Katrina flooded 80 percent of New Orleans. When she busted the 17th Street Canal, water washed over St. Bernard Parish and City Park in a near Biblical sense. All are still fighting to recover to this day.

Census reports show New Orleans lost nearly one-quarter of its residents pre-Katrina to 2010 (estimated 455,000 to 343,829).

St. Bernard, meanwhile, has lost nearly half its population since the catastrophe. But it’s on the mend, thanks to philanthropic sources like the Bayou District Foundation and the St. Bernard Project, which has built 343 houses, to date, in the parish since its founding in March 2006.

City Park is on the rise as well.

“Pre-Katrina, we had 130 full-time employees,” Hopper said. “We were at 23 at one point after the storm and now were up to 85. The picture is much rosier, but there was a lot of suffering to get to this point.”

City Park is largely self-sufficient. It gets $1.9 million from state funds, but nothing from the city of New Orleans in respect to its operating budget.

“We need lots and lots of golf, lots of weddings, lots of people coming to the amusement park, lots of people renting our facilities,” Hopper said.

The golf rounds will increase. They currently stand around 43,000 a year on the North Course, according to Nelson, and with what is being proposed, the “championship” venue should be quite an attraction. It will play from 5,150 yards to 7,240 yards, with five sets of tees; sit over 250 acres; is being designed by Rees Jones Architects; and will be comprised of half of the old East Course and half of the old West Course.

“It will be competitive with anything on offer in the city,” said Barousse. “It’s accessible by street car from downtown, it’s seven minutes by cab. It will be very tourist friendly, Convention Center friendly.”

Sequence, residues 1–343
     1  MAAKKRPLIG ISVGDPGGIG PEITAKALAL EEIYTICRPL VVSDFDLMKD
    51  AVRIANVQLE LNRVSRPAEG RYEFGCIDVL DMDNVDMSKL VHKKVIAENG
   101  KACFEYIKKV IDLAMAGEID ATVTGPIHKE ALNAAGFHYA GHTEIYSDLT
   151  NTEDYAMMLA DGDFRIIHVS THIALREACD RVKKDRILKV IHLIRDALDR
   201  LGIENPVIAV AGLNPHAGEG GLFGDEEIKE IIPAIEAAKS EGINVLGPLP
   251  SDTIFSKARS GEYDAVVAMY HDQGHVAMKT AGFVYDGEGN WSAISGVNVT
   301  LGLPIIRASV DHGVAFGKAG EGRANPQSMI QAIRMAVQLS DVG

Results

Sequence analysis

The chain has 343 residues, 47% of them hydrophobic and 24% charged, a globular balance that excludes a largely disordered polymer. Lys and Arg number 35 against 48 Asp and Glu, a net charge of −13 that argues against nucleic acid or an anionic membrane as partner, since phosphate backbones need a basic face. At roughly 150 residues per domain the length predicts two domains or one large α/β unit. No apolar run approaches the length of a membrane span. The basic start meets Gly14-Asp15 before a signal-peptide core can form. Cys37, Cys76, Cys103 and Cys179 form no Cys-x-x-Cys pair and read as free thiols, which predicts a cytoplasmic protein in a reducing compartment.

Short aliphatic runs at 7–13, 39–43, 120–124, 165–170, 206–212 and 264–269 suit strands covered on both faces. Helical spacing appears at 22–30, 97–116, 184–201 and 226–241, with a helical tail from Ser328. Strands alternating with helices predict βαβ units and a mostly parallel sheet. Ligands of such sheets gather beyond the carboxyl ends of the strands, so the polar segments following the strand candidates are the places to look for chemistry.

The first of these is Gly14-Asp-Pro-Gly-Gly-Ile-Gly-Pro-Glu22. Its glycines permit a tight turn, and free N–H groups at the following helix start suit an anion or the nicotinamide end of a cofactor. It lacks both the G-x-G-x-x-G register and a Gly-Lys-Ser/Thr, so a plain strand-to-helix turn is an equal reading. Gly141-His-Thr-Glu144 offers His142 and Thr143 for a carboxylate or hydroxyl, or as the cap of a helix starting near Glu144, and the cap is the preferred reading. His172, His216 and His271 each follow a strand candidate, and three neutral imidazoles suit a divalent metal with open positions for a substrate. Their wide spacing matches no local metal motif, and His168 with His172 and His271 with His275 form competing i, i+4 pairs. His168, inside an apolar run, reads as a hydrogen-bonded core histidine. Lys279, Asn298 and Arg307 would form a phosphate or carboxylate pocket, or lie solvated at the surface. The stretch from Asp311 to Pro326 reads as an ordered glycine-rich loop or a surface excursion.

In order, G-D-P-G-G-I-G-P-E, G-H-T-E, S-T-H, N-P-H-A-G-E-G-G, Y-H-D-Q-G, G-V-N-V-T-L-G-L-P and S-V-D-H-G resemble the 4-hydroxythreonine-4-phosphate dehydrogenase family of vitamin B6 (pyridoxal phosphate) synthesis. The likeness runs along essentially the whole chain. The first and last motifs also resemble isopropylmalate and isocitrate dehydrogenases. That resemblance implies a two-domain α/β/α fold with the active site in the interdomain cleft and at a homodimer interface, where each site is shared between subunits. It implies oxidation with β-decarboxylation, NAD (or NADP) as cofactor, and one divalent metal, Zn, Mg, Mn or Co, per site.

The Bayou District Foundation very much wants to be a part of this project. Income created can benefit other endeavors and they can play a larger role in developing golf in the community.

City Park, likewise, wants BDF to be a partner.

“Their involvement will allow the course to be of much better quality,” Hopper said. “If for some reason it doesn’t work, the park is prepared to move forward with the money we have on our own to develop that land for a golf course.

“The optimist in me says we are close to solidifying that partnership, but for a project that has a $24 million price tag, there are a lot of details to work out. It’s a lot of stars that have to align. If there was only one donor, it would be a whole lot more simple. But Bayou District Foundation is bringing money to the table, we’re bringing money to the table, FEMA is bringing money to the table, we need to find donors, we’re a state agency not a private development, so all of those things have to come together.”

It’s a public process.

The park had a master plan in place prior to Katrina to have all of its projects to be completed or in development by 2018. It’s since been amended. The date is still desired, but the contents of the plan have been jumbled about a bit.

“The original plan called for a 54-hole facility,” Rodrigue noted, as the South Course was going to be closed for reuse as outdoor recreation and the other courses were going to be renovated to some degree. “We revised it to a 45-hole facility and it has further been reduced to a 36-hole facility.

“Most of the negative comments were about affordability. They also wanted more hiking and biking which didn’t exist before.”

“We’re probably another four or five months before we can start really to see things open up,” Barousse said. “We had hoped to be ready for the Super Bowl in 2013 (to be contested in New Orleans), that’s not a realistic expectation now.”

Stated Hopper, “We’re looking at about two years after the ink dries.”